As I plug through this year’s final reports, I think back to an article that I read a few months ago. As I was eating breakfast and getting ready to go to school, I heard Aviva Rubin speak to Matt Galloway on Metro Morning. Matt was asking her about a piece that she wrote for the New York Times called My Son’s Grades Are Too High. Since the interview, I have re-read the article numerous times. Now, as I write my last reports for the year, I’ve got Aviva’s article on my mind again. (I might also be procrastinating on my workload.)
Every time I write report cards I wish that that the time that I spent writing them was spent in conversation with parents and students. The amount of time that teachers put into a document that could potentially go unread boggles my mind. I’m not going to lie; I think that report cards (as we currently do them) are a bit of a waste of time. I really wish that the time was spent face to face with the readers (students, parents, admin), discussing learning successes, needs and next steps.
Aviva comments on reports being “impersonal, prefab, nondescript and jargony”. In terms of the reports being impersonal, this is going to happen. Reports of any kind are not meant to be personal; they’re meant to report. In terms of being prefab, I think that’s fair. Having said that, there are only so many ways that a teacher can describe learning in a small amount of space. Copy+paste happens for survival purposes. As long as the message is the same (and you will get repetition in a whole class of students learning the same material), then I think that it should be permissible. "Nondescript" and “jargony” are the two that I think that we can improve upon by talking more. Both are true, but both can be solved with “can you explain what this means?” type questions.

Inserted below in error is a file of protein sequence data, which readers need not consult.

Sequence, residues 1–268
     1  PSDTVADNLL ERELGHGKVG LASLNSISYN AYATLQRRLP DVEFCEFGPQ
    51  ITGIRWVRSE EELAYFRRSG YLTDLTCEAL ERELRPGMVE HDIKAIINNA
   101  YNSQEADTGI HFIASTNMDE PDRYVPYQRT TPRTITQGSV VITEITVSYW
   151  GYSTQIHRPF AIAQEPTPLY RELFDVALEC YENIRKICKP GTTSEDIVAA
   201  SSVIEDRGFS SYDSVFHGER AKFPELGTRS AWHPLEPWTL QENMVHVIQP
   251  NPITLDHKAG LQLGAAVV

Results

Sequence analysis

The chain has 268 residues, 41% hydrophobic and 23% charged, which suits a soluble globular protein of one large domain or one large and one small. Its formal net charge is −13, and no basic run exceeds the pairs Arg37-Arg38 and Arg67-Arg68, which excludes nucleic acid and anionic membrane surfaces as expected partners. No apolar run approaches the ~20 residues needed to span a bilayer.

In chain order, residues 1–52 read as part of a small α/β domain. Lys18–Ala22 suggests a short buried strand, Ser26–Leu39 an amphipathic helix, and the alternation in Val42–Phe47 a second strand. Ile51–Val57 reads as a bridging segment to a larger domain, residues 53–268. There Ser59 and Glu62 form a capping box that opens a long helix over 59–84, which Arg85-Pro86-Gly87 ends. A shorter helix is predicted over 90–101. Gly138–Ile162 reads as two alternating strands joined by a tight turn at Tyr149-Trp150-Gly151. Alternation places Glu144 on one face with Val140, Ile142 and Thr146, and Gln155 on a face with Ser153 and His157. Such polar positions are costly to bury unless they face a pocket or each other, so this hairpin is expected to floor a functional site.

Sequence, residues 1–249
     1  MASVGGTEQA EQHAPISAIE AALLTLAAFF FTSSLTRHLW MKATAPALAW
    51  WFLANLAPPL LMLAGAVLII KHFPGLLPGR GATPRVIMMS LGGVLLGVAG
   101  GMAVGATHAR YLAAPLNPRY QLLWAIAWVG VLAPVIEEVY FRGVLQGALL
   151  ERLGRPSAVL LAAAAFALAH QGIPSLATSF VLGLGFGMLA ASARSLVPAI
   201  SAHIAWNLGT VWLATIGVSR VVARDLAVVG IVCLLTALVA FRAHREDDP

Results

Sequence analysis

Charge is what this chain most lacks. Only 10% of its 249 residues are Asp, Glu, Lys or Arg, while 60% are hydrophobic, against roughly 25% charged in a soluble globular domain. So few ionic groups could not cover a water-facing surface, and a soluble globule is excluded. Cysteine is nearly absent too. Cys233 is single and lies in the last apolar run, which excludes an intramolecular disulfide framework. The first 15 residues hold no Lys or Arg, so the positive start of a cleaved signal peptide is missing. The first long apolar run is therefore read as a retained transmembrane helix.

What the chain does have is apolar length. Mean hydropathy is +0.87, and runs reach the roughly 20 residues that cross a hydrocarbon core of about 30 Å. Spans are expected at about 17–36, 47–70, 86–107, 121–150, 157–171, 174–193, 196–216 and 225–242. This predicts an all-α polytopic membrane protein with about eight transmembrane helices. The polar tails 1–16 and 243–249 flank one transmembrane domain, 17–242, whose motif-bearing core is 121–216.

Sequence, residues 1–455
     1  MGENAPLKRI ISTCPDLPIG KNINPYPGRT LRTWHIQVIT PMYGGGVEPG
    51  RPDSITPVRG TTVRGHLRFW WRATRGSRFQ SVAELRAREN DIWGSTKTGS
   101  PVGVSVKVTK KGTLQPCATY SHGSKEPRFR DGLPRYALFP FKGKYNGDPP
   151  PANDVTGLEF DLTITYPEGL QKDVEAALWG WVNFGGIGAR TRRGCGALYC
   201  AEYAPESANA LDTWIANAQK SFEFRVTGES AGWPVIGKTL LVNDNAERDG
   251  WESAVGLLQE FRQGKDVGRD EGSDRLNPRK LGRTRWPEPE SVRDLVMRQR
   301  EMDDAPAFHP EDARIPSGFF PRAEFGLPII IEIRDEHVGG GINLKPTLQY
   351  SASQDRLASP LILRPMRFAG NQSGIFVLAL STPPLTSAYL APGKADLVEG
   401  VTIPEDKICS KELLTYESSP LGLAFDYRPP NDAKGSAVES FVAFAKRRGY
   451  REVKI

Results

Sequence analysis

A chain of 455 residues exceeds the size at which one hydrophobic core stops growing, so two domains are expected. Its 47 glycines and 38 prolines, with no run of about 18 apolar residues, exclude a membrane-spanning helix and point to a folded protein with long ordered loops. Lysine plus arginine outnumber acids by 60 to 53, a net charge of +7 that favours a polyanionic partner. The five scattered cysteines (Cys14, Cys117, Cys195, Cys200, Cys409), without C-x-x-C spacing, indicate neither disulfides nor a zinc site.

The problem is that we (both teachers and parents) need to have the time to talk through reports. Ten minutes during parent-teacher interviews is hardly enough time.
I really think that as teaching and learning slowly morph through this period of rapid change in the world, reporting will also change. I for one would advocate for reallocating and redistributing the time that we spend on report card writing. Documentation is necessary, but it doesn’t move learning in the same way that effective conferencing does. Good parent/teacher conferences are personalized to students. They explain learning and de-jargonize reporting. Most importantly, they are conversational. Both parties listen. Both parties speak. Both parties learn from each other.